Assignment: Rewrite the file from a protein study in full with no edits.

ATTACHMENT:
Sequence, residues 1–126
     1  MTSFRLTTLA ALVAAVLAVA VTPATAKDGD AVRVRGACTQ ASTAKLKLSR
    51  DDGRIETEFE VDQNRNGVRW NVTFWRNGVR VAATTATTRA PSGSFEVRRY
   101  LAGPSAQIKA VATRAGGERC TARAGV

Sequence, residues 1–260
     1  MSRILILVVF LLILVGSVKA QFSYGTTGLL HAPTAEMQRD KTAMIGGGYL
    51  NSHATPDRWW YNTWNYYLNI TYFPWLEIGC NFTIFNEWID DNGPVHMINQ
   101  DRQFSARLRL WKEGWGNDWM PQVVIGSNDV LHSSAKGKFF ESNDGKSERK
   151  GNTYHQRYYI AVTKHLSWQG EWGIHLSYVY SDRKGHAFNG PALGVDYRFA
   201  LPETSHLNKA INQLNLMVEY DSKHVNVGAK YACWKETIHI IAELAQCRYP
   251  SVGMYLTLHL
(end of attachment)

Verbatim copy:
Sequence, residues 1–126
     1  MTSFRLTTLA ALVAAVLAVA VTPATAKDGD AVRVRGACTQ ASTAKLKLSR
    51  DDGRIETEFE VDQNRNGVRW NVTFWRNGVR VAATTATTRA PSGSFEVRRY
   101  LAGPSAQIKA VATRAGGERC TARAGV

Sequence, residues 1–260
     1  MSRILILVVF LLILVGSVKA QFSYGTTGLL HAPTAEMQRD KTAMIGGGYL
    51  NSHATPDRWW YNTWNYYLNI TYFPWLEIGC NFTIFNEWID DNGPVHMINQ
   101  DRQFSARLRL WKEGWGNDWM PQVVIGSNDV LHSSAKGKFF ESNDGKSERK
   151  GNTYHQRYYI AVTKHLSWQG EWGIHLSYVY SDRKGHAFNG PALGVDYRFA
   201  LPETSHLNKA INQLNLMVEY DSKHVNVGAK YACWKETIHI IAELAQCRYP
   251  SVGMYLTLHL